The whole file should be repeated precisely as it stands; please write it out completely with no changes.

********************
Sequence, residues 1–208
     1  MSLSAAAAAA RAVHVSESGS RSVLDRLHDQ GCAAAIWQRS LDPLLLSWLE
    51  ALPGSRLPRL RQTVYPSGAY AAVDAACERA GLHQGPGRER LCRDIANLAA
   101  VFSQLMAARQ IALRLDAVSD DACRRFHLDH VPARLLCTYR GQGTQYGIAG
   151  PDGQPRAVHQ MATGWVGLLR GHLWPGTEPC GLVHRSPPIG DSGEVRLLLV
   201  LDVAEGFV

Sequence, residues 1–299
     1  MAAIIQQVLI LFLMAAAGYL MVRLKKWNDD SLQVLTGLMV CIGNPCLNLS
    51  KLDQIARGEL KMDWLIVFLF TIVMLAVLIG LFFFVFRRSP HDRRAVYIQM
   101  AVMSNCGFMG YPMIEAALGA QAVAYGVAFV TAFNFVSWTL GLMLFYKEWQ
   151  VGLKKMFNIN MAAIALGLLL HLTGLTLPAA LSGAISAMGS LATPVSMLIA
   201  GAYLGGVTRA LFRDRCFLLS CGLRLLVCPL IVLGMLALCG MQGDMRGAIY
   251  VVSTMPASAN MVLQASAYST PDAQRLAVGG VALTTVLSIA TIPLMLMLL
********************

Sequence, residues 1–208
     1  MSLSAAAAAA RAVHVSESGS RSVLDRLHDQ GCAAAIWQRS LDPLLLSWLE
    51  ALPGSRLPRL RQTVYPSGAY AAVDAACERA GLHQGPGRER LCRDIANLAA
   101  VFSQLMAARQ IALRLDAVSD DACRRFHLDH VPARLLCTYR GQGTQYGIAG
   151  PDGQPRAVHQ MATGWVGLLR GHLWPGTEPC GLVHRSPPIG DSGEVRLLLV
   201  LDVAEGFV

Sequence, residues 1–299
     1  MAAIIQQVLI LFLMAAAGYL MVRLKKWNDD SLQVLTGLMV CIGNPCLNLS
    51  KLDQIARGEL KMDWLIVFLF TIVMLAVLIG LFFFVFRRSP HDRRAVYIQM
   101  AVMSNCGFMG YPMIEAALGA QAVAYGVAFV TAFNFVSWTL GLMLFYKEWQ
   151  VGLKKMFNIN MAAIALGLLL HLTGLTLPAA LSGAISAMGS LATPVSMLIA
   201  GAYLGGVTRA LFRDRCFLLS CGLRLLVCPL IVLGMLALCG MQGDMRGAIY
   251  VVSTMPASAN MVLQASAYST PDAQRLAVGG VALTTVLSIA TIPLMLMLL